Extraterritorial operation

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An extraterritorial operation in international law is a law enforcement or military operation conducted outside the territory or jurisdiction of the state of the forces in operation, generally within the territory of another sovereign state. Under international law, these activities are generally highly restricted, and it is considered a violation of a state's sovereignty if any other state engages in law enforcement or military operations within another state without gaining that state's consent:[1]

Law enforcement[edit]

The policing of transnational and international crimes is a challenge to state-based law enforcement agencies, as jurisdiction restricts the direct intervention a state's agencies can legally take in another state's jurisdiction, with even basic law enforcement activities such as arrest and detention "tantamount to abduction" when carried out extraterritorially.[3] These explicit limits on extraterritorial law enforcement operations has therefore instead encouraged co-operation between law enforcement agencies of sovereign states, forming supranational agencies such as Interpol to encourage co-operation, and placing additional obligations on the state such as aut dedere aut judicare ("extradite or prosecute") to compel prosecution of certain types of transnational crime, including hijacking of civilian aircraft, taking of civilian hostages, and other acts of terrorism, as well as crimes against diplomats and other "internationally protected persons".[4]

Military operations[edit]

While extraterritorial law enforcement activity is highly restricted and subject to the approval of the 'host' state, traditional interstate military operations assume some degree of extraterritorial operation. As Stigall points out, innate in 'just' war (jus ad bellum) is the expectation that one state may be conducting military activity against, and within the borders, of another state; the laws of armed conflict "[presuppose] extraterritoriality".[5] Therefore, "[i]f the circumstances exist for the lawful use of force under jus ad bellum, then so long as a state abides by the rules articulated in jus in bello [the law of war], that state’s extraterritorial actions are considered lawful."[5]

"Unwilling or unable"[edit]

Problems with the legitimacy of extraterritorial operations arise, according to Stigall, when one state is conducting military activity against non-state actors in a state "that is not party to the conflict".[5] Although some commentators suggest that the use of force is permitted in some of these cases, with Deeks' commentary on the 'Unwilling or Unable Test' mentioning sources that recommend that "neutrality law permits a belligerent to use force on a neutral state’s territory if the neutral state is unable or unwilling to prevent violations of its neutrality by another belligerent",[6] Stigall reminds "that such view is not universal, and textual authority for such cross-border attacks is limited".[7]

Humanitarian and human rights law[edit]

For the European Union, key tenets of its human rights law jurisdiction are laid down in Article 1 of the European Convention on Human Rights (ECHR), with the convention employed to complement and reinforce the more specific scope of humanitarian law.[8][a] The application of this to extraterritorial operations has been noted by Ryngaert as mixed, with Al-Skeini and others v United Kingdom in 2011 attempting "to square Bankovic [v. Belgium's "sufficient control" model of jurisdiction] with the personal model of jurisdiction",[9][10] and Al-Jedda v United Kingdom "tried to reconcile the ‘ultimate control and authority’ standard... with the ‘effective operational control’ standard endorsed by the UN’s International Law Commission."[9] Ryngaert declares each of the two results to be "an awkward hybrid theory".[9]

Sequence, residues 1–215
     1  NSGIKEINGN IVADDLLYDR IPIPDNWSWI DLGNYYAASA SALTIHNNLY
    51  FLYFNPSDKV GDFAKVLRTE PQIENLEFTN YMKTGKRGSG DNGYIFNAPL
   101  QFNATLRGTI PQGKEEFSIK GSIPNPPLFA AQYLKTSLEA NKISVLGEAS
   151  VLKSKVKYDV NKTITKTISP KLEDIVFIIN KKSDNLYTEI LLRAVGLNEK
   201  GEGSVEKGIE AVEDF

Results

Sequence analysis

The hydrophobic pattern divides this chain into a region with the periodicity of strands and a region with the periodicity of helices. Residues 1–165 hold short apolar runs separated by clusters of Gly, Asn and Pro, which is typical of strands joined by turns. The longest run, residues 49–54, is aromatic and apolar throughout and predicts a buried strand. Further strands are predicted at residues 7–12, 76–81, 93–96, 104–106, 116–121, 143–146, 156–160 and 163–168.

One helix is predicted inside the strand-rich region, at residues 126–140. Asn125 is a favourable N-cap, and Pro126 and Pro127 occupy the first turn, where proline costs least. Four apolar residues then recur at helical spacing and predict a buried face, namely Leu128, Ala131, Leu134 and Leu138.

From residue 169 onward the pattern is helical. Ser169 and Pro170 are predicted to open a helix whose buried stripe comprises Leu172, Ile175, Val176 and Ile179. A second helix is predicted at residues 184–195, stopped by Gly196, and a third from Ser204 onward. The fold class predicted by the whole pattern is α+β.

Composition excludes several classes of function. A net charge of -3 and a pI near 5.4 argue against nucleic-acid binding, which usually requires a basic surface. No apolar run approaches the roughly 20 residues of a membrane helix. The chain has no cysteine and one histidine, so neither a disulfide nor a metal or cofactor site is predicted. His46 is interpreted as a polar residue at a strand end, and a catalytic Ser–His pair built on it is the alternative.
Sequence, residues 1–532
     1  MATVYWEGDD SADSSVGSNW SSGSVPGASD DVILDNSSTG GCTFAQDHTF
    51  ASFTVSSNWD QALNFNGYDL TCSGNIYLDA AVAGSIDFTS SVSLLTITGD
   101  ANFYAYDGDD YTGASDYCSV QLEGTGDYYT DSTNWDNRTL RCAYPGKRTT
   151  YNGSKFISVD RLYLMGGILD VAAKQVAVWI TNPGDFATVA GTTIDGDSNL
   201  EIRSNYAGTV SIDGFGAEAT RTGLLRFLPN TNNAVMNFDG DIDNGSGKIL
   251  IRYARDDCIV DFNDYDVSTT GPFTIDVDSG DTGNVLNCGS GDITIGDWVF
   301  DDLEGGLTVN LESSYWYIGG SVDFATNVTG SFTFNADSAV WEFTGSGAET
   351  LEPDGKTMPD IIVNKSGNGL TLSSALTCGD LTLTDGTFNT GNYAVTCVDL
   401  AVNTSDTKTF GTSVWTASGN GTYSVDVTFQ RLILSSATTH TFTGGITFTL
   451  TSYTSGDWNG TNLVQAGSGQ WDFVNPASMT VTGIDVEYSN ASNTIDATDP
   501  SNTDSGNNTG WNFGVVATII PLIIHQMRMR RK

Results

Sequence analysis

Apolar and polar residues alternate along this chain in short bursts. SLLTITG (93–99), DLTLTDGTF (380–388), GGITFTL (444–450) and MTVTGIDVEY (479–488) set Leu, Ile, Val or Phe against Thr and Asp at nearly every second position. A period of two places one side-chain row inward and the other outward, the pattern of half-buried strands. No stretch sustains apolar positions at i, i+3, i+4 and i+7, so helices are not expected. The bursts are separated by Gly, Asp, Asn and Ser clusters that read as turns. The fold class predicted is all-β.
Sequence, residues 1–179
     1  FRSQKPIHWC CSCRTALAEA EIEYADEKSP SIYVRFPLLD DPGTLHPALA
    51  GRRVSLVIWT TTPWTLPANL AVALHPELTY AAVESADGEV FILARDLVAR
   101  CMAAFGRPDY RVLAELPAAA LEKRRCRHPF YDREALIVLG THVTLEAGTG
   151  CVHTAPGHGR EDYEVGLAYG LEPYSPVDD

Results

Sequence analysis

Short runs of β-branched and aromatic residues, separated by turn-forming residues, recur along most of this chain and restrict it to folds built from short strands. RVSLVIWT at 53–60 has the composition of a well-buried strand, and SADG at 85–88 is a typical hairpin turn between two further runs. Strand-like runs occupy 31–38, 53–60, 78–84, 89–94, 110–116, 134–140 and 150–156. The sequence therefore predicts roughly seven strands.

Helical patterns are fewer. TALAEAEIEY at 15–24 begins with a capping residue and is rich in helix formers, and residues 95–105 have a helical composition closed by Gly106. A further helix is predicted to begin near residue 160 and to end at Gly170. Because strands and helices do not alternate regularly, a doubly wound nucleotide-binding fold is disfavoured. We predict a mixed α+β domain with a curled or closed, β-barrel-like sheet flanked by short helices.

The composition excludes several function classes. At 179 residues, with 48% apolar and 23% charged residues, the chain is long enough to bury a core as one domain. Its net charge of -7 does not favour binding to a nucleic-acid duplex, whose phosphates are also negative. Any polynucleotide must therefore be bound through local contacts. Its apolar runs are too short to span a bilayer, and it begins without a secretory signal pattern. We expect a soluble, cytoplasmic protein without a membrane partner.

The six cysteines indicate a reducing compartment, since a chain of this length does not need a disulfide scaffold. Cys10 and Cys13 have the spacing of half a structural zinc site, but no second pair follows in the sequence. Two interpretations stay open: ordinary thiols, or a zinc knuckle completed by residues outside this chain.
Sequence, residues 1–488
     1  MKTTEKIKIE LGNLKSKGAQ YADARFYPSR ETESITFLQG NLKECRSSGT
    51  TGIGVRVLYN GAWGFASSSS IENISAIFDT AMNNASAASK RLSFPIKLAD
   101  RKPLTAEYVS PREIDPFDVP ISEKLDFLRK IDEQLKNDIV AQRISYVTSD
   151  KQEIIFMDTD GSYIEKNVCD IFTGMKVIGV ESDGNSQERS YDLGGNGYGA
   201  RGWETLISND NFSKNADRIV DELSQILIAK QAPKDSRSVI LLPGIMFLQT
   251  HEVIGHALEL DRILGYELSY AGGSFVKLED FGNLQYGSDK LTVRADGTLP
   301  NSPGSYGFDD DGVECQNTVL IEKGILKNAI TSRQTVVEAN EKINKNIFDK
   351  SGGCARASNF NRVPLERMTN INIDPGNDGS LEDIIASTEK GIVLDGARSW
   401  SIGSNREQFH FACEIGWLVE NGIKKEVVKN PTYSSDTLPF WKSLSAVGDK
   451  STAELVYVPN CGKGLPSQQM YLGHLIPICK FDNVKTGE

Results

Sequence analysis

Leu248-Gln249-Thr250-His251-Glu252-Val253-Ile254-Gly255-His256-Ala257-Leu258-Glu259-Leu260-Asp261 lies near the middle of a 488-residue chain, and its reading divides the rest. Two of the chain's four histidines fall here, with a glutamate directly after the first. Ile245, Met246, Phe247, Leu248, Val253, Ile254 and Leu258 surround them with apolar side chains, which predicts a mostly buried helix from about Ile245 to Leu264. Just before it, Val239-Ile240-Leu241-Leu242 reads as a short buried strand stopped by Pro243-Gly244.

See also[edit]

Notes and references[edit]


  1. ^ "This should be enough to dispel the assumption that, wherever human rights treaties such as the ECHR apply extra-territorially in situations of armed conflict and occupation, their effect could be curtailed by the more limited humanitarian law protection."[8]


  1. ^ Stigall 2013, pp. 16-17.
  2. ^ S.S. Lotus (Fr. v. Turk.), 1927 P.C.I.J. (ser. A) No. 10, ¶ 45 (Sept. 7); quoted in Stigall 2013, p. 16
  3. ^ Stigall 2013, p. 18.
  4. ^ Stigall 2013, pp. 19-21.
  5. ^ a b c Stigall 2013, p. 31.
  6. ^ Deeks 2012, p. 499.
  7. ^ Stigall 2013, p. 31-32.
  8. ^ a b Orakhelashvili 2012, p. 2.
  9. ^ a b c Ryngaert 2012, p. 60.
  10. ^ Holcroft-Emmess 2013.


  • Deeks, Ashley S. (2012). ""Unwilling or Unable": Toward a Normative Framework for Extraterritorial Self-Defense" (PDF). Virginia Journal of International Law. 52 (3): 483–550.
  • Holcroft-Emmess, Natasha (24 June 2013). "Extraterritorial Jurisdiction under the ECHR – Smith (and Others) v MOD (2013)". Oxford Human Rights Hub. Retrieved 21 September 2015.
  • Orakhelashvili, Alexander (2012). "Human Rights Protection During Extra-Territorial Military Operations: Perspectives at International and English Law". In White, N.; Henderson, C. (eds.). Research Handbook on Conflict and Security Law. Edward Elgar. SSRN 2042635.
  • Ryngaert, Cedric (2012). "Clarifying the Extraterritorial Application of the European Convention on Human Rights (Al-Skeini v the United Kingdom)". Merkourios. 28 (74): 57–60. doi:10.5334/ujiel.ba.
  • Stigall, Dan E. (3 February 2013). "Ungoverned Spaces, Transnational Crime, and the Prohibition on Extraterritorial Enforcement Jurisdiction in International Law". Notre Dame Journal of International & Comparative Law. SSRN 2211219.